Saturday Volunteer Day

Every second Saturday of the month Family House hosts a Volunteer Day during which we take care of various projects around the house. Last Saturday was a huge success as we had fourteen wonderful individuals show up to work.   

Bernice, Samantha, and Rebecca, reorganized the linen closets and made sure everything had a place. Victor, Aaron, Gordon, and Adam, helped make the house look new again by painting 4 bedroom door frames. Kristina and Marina, gave Family House that special home feeling by baking banana muffins for all of the families. Julian, Mardoux , Erica, Billy, and Emily, helped keep our communal toys safe for the children by disinfecting them and the communal areas. They also helped completely restock the house of supplies so the families would have everything they could possibly need. We would not be able to provide the level of comfort and support for our families that we do if it was not for volunteers like them. 

So a big THANKS goes out to all of you who helped make our August Volunteer Saturday another huge SUCCESS! 

Keeping Family House Clean

WorkLink, ARC of San Francisco, Toolworks, and Employment Plus, are all organizations that send us a group of smiling volunteers throughout the week to disinfect the 10th Avenue location from top to bottom Monday through Friday. 

When housing individuals who are undergoing treatment for cancer and other serious diseases, keeping a safe and clean house is of the utmost importance. Many of the children staying here have compromised immune systems due to the treatments they are receiving at UCSF, and for those individuals even a simple cold can be extremely dangerous. The individuals who come to disinfect the house day after day, are helping us foster a home that these children can reclaim their play time in. A place where they can forget about the disease that brought them here in the first place.
As if protecting our kids from germs wasn't enough, these volunteer groups are special in their own right. WorkLink, ARC, Toolworks, and Employment Plus are all organizations that help individuals with physical and mental disabilities find jobs and volunteer opportunities in their local community. These individuals come in every morning, with a smile on their face and open arms for a warm embrace. Some of them, like Danny, take public transit switching buses and spending the extra hour or two it takes to cover the distance from their home to ours to come provide this service for our families.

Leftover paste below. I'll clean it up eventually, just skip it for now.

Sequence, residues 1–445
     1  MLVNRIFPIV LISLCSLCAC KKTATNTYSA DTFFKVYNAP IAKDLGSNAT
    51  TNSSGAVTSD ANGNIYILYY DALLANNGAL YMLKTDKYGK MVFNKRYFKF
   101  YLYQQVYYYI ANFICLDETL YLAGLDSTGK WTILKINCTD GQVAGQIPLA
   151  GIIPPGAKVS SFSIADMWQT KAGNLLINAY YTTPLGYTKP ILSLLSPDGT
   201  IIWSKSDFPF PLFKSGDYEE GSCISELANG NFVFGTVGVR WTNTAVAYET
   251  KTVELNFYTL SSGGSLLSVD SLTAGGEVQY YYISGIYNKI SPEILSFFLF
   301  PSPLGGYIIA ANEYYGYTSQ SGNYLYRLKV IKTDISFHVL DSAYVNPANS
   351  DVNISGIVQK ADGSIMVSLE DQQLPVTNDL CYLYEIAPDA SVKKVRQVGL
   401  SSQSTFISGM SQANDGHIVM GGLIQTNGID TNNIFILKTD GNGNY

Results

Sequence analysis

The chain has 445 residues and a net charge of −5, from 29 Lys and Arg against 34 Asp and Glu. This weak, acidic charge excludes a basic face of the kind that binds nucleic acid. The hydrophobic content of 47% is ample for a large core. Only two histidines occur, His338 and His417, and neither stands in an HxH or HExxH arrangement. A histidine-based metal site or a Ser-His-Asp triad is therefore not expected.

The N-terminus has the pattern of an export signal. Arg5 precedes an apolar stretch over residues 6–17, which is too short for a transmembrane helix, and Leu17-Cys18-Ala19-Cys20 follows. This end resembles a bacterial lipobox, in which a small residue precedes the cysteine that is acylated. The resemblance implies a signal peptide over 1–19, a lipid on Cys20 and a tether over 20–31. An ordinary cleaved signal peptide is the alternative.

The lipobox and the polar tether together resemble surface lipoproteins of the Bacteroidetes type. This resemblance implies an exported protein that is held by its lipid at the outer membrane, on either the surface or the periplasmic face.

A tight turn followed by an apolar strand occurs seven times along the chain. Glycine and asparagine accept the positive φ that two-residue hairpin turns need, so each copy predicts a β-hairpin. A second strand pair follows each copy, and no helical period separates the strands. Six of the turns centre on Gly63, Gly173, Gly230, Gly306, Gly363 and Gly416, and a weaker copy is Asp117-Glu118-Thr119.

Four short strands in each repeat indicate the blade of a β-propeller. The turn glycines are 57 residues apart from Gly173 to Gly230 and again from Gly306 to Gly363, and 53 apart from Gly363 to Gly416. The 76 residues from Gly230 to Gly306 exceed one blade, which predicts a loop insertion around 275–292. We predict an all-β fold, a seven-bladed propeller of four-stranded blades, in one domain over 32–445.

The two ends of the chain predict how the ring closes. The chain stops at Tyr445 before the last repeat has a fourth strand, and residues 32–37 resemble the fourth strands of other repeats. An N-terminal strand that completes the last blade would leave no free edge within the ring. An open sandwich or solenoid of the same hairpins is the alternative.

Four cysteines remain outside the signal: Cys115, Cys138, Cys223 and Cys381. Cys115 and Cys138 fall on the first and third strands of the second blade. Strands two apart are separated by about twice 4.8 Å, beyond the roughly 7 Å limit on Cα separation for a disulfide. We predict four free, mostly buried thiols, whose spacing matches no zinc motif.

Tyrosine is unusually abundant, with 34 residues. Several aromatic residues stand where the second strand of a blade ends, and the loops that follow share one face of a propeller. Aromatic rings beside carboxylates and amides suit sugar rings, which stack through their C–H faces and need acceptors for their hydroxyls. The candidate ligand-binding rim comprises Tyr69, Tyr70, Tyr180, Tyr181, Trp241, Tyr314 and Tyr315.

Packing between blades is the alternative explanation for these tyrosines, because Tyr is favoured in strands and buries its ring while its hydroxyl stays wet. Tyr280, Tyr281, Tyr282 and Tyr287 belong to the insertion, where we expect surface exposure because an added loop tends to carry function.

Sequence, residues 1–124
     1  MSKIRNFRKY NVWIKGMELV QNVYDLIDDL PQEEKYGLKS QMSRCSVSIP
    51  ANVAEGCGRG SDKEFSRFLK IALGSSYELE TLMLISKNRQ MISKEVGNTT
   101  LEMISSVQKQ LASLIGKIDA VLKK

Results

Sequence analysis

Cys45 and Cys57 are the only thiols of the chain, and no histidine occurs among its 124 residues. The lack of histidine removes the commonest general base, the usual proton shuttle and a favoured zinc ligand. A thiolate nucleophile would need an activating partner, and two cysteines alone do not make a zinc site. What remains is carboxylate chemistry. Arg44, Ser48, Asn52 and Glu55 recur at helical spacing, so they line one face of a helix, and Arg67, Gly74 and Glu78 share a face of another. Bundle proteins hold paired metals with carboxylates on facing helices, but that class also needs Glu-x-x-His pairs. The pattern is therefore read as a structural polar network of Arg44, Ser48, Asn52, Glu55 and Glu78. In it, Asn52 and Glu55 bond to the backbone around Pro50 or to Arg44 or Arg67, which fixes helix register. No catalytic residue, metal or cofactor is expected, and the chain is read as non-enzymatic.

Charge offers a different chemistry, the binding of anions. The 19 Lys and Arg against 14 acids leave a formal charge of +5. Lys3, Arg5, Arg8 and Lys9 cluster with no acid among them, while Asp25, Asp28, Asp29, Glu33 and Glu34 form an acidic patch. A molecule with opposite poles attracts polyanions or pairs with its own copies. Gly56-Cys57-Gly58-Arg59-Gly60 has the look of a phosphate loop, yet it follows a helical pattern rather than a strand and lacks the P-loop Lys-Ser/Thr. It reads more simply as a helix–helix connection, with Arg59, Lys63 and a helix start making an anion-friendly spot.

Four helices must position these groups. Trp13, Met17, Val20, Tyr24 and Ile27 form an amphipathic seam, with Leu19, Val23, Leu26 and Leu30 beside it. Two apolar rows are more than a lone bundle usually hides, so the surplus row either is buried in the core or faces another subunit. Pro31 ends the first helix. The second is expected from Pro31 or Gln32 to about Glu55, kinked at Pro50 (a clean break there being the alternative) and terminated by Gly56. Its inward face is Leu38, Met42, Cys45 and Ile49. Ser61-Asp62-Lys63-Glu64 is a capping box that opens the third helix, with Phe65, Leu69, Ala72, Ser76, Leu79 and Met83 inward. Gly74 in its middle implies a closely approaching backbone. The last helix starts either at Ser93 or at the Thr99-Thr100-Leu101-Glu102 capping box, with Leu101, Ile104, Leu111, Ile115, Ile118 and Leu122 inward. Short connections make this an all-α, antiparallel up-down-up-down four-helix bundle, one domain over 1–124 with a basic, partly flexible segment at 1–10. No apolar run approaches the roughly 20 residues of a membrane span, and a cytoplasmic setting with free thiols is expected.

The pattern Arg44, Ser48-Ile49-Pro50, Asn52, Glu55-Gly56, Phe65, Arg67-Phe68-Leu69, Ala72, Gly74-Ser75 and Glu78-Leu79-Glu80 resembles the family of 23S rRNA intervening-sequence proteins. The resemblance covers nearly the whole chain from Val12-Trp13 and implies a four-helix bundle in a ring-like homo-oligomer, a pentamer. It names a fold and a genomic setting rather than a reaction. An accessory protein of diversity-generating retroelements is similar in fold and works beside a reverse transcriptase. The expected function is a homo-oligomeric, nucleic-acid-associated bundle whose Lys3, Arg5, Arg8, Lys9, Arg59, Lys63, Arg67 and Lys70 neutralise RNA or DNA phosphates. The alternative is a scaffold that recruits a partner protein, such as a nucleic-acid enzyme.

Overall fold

At our Volunteer Appreciation BBQ earlier this summer, I realized just how lucky we were to be graced by their presence. I looked around as Danny and the others danced out back in a circle. Their selfless love, and earnest hope for the good in life radiates from them with every smile and laugh. Their dedication to Family House and to the families who stay here is undeniable, and they make us all want to work a little harder to believe in the BEAUTY of EVERY DAY. 

Thursday, August 18, 2011

Thank you to our 2011 Summer Interns!

Family House would like to sincerely thank our 2011 Summer Interns, Jill Ferguson and Tyler Scurr. Tyler's upbeat personality and willingness to tackle any task created a warm and positive experience for families and volunteers at Family House. Jill was able to bring the community of Family House to the world by creating the Family House blog: and the Family HouseTumblr:  and whas been a tremendous help to our business office. We miss you both already!

Tuesday, August 16, 2011

Volunteer of the Month!

Ariana Fischer spent over 100 hours volunteering at Family House this summer leading our Summer Volunteer Program and supporting Family House at various events. Her enthusiasm and compassion for our families truly encompasses what it means to be a volunteer at Family House!

Thursday, August 11, 2011

It's the Little Things that Count...

Matthew Farley was first diagnosed with lukemia at the age of five. After being diagnosed Matthew was treated for his cancer at Sutter Health in Sacramento. The people at Sutter worked fast and Matthew's body showed its strength when only thirty days after his diagnosis he bested the cancer and went into remission. As is often done, Matthew was told to go ahead and finish his treatment to insure the cancer would not come back. Matthew endured chemo and radiation for three years to finish up his treatment plan. Matthew had only been out of treatment for a year when he was given a harsh new diagnosis. In March of this year Matthew was told that he had contracted Myelodysplastic Syndrome (MDS), a disorder that causes the bone marrow to fail. He needed a bone marrow transplant.

Matthew's MDS is a cause of one of the treatments he received for his Lukemia. There is only a 0.1% chance that patients receiving this treatment will contract MDS. Matthew's doctor's recommended him to UCSF because of their specialization in bone marrow transplants. The Farley family found their way to Family House on July 4th. The next day Matthew went into the hospital to prep for his transplant. On July 13th, Matthew received his transplant. He has been recovering in the hospital ever since.